Curse of the Starving Class (1994): Michael McClary’s Adaptation of Sam Sheard Play, Starring Oscar Nominee James Woods and Oscar Winner Kathy Bates

Toronto Film Festival 1994 (Premiere)–A stellar cast of eccentric character actors bring class but no emotional resonance to Curse of the Starving Class, a peculiarly ineffective rendition of Sam Shepard’s 1977 award-winning play.

An ironic dissection of the American Dream, as it affects and destroys one white farming family, pic signals curse at the box-office, though video prospects may be better due to Shepard’s celebrity status and recognition name of James Woods and Kathy Bates.

If Curse of the Starving Class seems outdated and familiar, it is not because the drama’s issues are no longer relevant, but rather a result of Shepard’s obsessive exploration of the same myths and conflicts over and over again in such plays and/or movies as Buried Child, True West, Fool for Love, and most recently Silent Tongues. The usual Shepard’s themes of commitment to the land, disintegration of the nuclear family, intergenerational strife between father and son are all here–along with the typical iconography of dilapidated houses, shabby motels, sleazy bars.

James Woods plays Weston, the alcoholic, irresponsible patriarch of a down-on-its-luck family, whose members keep reminding themselves they do not belong to the starving class. Weston’s wife Ella (Kathy Bates), a feisty if disenchanted woman, can barely manage the run-down farm to feed her two children, Wesley (Henry Thomas) and Emma (Kristin Fiorella).

Each member of this dysfunctional family engages in daydreams and fantasies to escape their gloomy, hopeless fate. Desperate to visit Paris before it’s too late, Ella tries to sell the shabby farm to Taylor (Randy Quaid), a greedy land developer, even if it means going to bed with him. Running away from his collectors, Weston has his own plan for the land. Still haunted by nightmares from his combat days in Vietnam, he now aspires for a brighter future in Mexico.

With no guidance from their parents, Wesley and Emma are lost souls, unable to make the necessary transition to adulthood. In what is possibly Shepard’s most consistent concern, the two youngsters are forced to realize that they are doomed inheritors of their family’s curse, which passes down from one generation to the next.

Scripter Beresford, better-known as a sensitive director, has gone out of his way to open up the play, but at a heavy price: Shepard’s off-beat, ironic humor, so integral to the magic of the stage production, is missing from the writing–and direction. Beresford is also unsuccessful in conveying the poetic quality of Shepard’s monologues on screen, actors appear bizarre when talking to an empty refrigerator, their sheep, or themselves.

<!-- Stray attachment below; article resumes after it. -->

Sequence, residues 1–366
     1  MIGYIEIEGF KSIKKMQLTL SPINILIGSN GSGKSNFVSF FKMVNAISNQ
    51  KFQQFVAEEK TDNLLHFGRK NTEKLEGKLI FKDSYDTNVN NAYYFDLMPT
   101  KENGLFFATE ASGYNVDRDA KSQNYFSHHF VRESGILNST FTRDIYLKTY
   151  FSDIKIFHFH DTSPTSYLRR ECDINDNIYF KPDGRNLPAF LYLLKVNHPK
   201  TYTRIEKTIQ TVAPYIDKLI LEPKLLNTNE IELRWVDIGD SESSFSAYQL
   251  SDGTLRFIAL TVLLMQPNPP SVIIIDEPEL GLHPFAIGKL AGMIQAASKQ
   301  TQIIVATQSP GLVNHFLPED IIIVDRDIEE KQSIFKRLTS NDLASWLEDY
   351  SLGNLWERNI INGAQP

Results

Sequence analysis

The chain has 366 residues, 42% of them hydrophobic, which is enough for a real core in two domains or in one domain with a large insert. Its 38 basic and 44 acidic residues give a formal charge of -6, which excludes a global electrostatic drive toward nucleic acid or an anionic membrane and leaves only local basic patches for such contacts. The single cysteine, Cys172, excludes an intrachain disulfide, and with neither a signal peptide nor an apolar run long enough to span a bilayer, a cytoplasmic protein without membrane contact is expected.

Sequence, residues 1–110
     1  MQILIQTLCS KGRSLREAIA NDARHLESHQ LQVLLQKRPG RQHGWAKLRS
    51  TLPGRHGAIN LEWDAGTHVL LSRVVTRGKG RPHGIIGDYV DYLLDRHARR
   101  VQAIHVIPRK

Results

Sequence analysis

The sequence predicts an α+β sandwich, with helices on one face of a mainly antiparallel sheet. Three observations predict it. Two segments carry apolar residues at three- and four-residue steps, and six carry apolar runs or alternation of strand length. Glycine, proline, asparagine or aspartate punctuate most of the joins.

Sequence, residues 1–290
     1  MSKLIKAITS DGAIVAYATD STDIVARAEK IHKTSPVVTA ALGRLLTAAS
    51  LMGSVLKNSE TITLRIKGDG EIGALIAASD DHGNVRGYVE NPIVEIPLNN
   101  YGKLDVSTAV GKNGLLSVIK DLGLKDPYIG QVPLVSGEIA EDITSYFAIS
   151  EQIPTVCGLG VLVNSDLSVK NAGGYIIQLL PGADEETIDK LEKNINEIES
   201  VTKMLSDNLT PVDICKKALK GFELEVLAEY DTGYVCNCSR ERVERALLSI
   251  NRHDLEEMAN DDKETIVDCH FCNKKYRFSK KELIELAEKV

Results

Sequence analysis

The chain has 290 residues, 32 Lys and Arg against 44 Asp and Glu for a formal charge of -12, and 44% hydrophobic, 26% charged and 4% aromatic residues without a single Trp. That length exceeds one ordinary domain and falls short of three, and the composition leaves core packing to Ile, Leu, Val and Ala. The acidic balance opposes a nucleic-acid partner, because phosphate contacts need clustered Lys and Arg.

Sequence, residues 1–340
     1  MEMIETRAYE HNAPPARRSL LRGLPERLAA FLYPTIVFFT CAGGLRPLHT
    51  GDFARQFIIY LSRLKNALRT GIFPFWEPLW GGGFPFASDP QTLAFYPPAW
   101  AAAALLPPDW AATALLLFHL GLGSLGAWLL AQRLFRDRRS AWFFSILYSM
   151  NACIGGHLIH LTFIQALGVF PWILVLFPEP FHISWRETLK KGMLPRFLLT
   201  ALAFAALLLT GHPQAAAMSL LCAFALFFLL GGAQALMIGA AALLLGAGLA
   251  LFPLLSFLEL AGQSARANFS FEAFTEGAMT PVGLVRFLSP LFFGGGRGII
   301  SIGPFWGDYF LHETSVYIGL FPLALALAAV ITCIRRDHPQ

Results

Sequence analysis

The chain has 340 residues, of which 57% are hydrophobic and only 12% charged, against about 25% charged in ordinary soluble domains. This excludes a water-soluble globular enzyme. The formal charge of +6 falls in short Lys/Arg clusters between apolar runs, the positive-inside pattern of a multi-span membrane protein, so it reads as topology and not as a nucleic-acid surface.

First-time director McClary doesn’t trust his material and subsequently his style hysterically vacillates between outdoor and indoor scenes, though with all his effort the narrative remains theatrical in its structure and well-timed exits and entrances. Helmer uses too many cuts and intercuts, motivated by his erroneous belief that they will make the movie “more cinematic.” Under his (mis)direction, the actors have no opportunity to build coherent characters or to sustain any emotion beyond the few seconds they are given in brief scenes that are erratically paced and edited.

Under these circumstances, it’s hardly a surprise that none of the actors renders a truly effective performance. As the wild, ill-tempered father, the vastly talented Woods gives one of his weaker performances, particularly in the first half when he’s over-the-top. Woods’ big purification scene, in which he takes off his clothes in the midst of a rainstorm and grabs a sick lamb in his arms, rings false and is borderline embarrassing.

Bates, another reliable pro who here reprises her acclaimed Off-Broadway role, is no more than O.K. Unfortunately, the director inflicts on her close-ups (wearing lipstick, removing a ring) that are not only unflattering, but don’t do much to register the inner feelings of her complex character as both a victim and survivor. Thomas and Fiorella have a few good moments, but Quaid and Gossett (as the local bar owner) are defeated by one-dimensional roles.

Curse of the Starving Class is a miss on several levels, again demonstrating that what works on stage doesn’t necessarily translate well onscreen, especially in the case of Shepard’s highly stylized, often poetic writing.


A Trimark release and production. Produced by William S. Gilmore and Harel Goldstein. Executive producers, Bruce Beresford, David Goldstein. Directed by Michael McClary. Screenplay, Beresford, based on Sam Shepard’s play. Camera (color), Dick Quinlan; editor, Dean Goodhill; production design, Ladislav Wilheim; set decoration, Grey Smith; costume design, Kathryn Morrison; sound (Ultra Stereo), Robert Wald; associate producer, Fran Roy; assistant director, Tom Herod; casting, Shari Rodes, Joseph Middleton.

MPAA Rating: R.
Running time: 101 minutes


Weston……James Woods
Ella……..Kathy Bates
Wesley…..Henry Thomas
Emma…Kristin Fiorella
Ellis…Lous Gossett Jr.
Taylor……Randy Quaid